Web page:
French Protesters Waking Up Before Noon for the First Time Since They Last Rioted

MARSEILLE, FRANCE—French rioters, upset over proposed austerity measures that would see them working an additional 2 years before retirement, have taken to waking up at 10AM to prove just how serious they really are.

“It’s all about the precedent,” 26-year-old government notary Paul Mailloux told me over a breakfast of freshly-baked breads and pastries as we sat down on the terrace of his high-rise apartment, enjoying the gorgeous view of Marseille’s famous Jardin des Vestiges. “If we give them a year now, they might ask for a year later, and another year after that. Before long, they might actually expect us to work until we’re 55!” Mailloux spat, swearing out President Sarkozy as he threw away his uneaten food, explaining that the baguettes would be “unpalatable” by the next day:

“I might as well eat dirt!”

Mailloux led me down to the street, where bleary-eyed youths refrained from smashing windows long enough to recount to me the misery of blowing the dust off of their alarm clocks the previous evening. The rioters then stopped for a moment to yawn, light cigarettes, and flick them into the faces of passing policemen. Stretching his arms, Mailloux led me into his favorite café, where he is known to spend up to five hours a day sipping espresso and browsing the internet.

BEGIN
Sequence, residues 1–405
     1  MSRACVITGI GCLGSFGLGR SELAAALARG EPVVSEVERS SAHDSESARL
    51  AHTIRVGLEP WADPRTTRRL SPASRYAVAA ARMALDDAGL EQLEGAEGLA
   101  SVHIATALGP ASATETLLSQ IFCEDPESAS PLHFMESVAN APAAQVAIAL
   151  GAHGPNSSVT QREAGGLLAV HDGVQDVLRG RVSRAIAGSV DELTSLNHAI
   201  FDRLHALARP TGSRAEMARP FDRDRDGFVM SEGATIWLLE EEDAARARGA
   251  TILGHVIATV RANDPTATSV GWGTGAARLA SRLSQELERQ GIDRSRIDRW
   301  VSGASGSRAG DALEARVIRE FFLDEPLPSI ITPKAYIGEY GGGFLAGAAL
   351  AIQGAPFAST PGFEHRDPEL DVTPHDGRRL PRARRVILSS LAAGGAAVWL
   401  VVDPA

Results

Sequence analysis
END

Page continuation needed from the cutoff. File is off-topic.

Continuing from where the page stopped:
“I still remember the student riots of 2006,” Mailloux recalled with a sentimental tone as police fired off canisters of tear gas in the distance. “That was suffering. That was injustice! Having to wake up at 8AM to set cars on fire — what is this, Detroit?”

“We aren’t asking for much,” Mailloux pleaded to me. “We just want the government to give us money for having the persistence to make it to the office at all after getting drunk 3 nights a week! It’s how my father lived! It’s how his father lived! It’s French! And I’ll be damned if I’m going to go through life with any sort of personal responsibility!”

I asked Mailloux if he thought the strike might end soon, and he shrugged nonchalantly.

“We get 8 weeks of vacation each year!” Mailloux laughed. “Why should I care when the strike ends? I’m actually getting paid for this shit!”

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